House Of Lords Departs From Previous Decision In Stubbings v Webb

The House of Lords has overturned its own previous decision in

the case of Stubbings v Webb [1993] AC 498 in which the House had

unanimously decided that s11 of the Limitation Act 1980 did not

apply to acts of deliberate assault (including acts of indecent

assault), and allowed the appeals in the cases of A v Hoare, X and

Another v Wandsworth London Borough Council, C v Middlesborough

Council, H v Suffolk County Council, Young v Catholic Care (Diocese

of Leeds) and Another.

All the appeals raised questions as to whether claims for sexual

assaults and abuse were barred by the Limitation Act 1980

("the Act"). The main issue was whether s2 (6 year

limitation period) or s11 (3 year limitation period extendable at

the court's discretion under s33) of the Act applied. In all

cases, proceedings were issued more than 6 years after the primary

limitation period and were statue-barred.

The lead claim of Mrs A v Hoare concerned a retired teacher who

brought a claim against her attacker 19 years after the attack

occurred. The Defendant Mr Hoare, won £7 million on the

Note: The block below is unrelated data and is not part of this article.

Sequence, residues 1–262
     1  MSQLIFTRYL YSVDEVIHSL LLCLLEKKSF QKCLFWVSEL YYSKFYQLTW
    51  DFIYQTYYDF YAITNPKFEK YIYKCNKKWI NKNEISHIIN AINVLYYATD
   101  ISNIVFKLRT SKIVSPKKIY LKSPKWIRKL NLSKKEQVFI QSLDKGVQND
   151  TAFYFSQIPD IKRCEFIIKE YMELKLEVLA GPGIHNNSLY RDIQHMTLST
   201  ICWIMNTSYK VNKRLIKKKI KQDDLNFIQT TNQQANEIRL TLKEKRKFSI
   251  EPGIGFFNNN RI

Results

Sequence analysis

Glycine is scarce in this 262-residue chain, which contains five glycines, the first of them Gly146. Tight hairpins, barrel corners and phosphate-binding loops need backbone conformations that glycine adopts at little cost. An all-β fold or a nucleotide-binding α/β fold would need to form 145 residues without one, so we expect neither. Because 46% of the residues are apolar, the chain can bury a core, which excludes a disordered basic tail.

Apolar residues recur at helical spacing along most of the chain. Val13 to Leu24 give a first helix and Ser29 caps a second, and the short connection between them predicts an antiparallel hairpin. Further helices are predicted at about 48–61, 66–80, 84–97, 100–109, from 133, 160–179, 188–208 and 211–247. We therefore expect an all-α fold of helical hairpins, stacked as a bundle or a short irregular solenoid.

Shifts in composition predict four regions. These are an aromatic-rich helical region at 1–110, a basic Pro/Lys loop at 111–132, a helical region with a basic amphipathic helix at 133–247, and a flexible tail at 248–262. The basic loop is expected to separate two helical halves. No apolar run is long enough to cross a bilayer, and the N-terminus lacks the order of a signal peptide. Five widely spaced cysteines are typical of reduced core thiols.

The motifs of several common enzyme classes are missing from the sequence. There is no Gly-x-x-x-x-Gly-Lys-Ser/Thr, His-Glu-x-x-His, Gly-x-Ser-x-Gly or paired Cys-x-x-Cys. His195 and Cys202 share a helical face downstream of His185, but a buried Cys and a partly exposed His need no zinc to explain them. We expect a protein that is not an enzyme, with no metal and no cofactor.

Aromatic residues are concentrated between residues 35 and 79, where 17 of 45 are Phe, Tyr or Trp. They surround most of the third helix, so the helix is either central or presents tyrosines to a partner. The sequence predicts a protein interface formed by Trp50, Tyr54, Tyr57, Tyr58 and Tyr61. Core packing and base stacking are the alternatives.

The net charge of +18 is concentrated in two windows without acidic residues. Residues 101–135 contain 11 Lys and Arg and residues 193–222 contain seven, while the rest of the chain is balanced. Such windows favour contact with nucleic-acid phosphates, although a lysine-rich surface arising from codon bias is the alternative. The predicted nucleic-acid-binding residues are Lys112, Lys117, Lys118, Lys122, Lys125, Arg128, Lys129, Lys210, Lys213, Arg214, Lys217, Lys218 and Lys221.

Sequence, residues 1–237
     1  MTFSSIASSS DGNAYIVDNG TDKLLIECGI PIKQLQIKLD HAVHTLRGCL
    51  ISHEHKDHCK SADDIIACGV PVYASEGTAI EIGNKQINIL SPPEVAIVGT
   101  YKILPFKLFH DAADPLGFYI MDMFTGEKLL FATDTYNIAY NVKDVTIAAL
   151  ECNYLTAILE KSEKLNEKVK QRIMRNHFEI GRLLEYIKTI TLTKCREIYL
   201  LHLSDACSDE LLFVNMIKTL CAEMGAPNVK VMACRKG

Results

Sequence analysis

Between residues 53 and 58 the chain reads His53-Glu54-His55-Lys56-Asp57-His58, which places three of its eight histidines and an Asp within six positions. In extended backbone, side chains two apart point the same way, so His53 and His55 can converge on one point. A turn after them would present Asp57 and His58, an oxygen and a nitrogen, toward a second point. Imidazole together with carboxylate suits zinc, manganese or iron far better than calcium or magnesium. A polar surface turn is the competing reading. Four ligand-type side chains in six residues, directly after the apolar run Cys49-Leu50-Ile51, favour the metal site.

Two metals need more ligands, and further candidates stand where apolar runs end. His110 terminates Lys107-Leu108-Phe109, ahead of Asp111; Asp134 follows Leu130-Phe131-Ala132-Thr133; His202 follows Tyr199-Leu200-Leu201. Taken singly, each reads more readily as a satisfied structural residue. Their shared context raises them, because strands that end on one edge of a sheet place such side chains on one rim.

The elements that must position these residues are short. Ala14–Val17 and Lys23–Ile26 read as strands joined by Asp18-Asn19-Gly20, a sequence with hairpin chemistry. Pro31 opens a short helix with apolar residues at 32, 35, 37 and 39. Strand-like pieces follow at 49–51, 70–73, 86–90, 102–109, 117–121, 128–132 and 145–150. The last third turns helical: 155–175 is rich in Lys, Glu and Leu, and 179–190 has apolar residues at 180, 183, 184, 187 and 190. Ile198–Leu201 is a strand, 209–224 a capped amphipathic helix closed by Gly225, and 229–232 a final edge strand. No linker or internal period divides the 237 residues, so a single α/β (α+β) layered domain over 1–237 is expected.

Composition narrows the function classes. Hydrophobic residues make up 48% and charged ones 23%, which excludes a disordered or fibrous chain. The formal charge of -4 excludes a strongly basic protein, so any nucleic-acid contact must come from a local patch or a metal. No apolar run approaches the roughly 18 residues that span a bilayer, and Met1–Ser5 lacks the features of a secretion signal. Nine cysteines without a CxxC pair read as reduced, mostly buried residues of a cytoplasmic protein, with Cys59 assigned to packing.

lottery in 2004 whilst serving a custodial sentence. Previously Mr

Hoare had not been worth suing. Upon learning of these

circumstances, Mrs A brought a claim against Mr Hoare but was

unsuccessful as her claim was made outside the limitation


Following the landmark decision on 30.1.2008, Mrs A and others

in similar situations may have an opportunity to pursue claims for

damages many years after their abuse.


Under s2 of the Limitation Act 1980 ("the Act") the

limitation period for bringing an action in contract or tort is 6

years. The court has no discretion to extend the limitation


In actions for damages for negligence, nuisance or breach of

duty where the damages are in respect of personal injuries, under

s11 of the Act the limitation period is 3 years from the date on

which the cause of action arose or the date of knowledge (if later)

as defined in s14. Where a claim falls under s11, s33 gives the

court a discretion, to extend the limitation period when it appears

equitable to do so.

In Stubbings, the House of Lords held that s11 was not

applicable to cases of deliberate assault and an action for an

intentional trespass to the person is not an action for negligence,

nuisance or breach of duty. Such cases therefore fell under s2 and

s33 did not apply.


In the above cases the Claimants argued either that the date of

knowledge was less than 3 years before...

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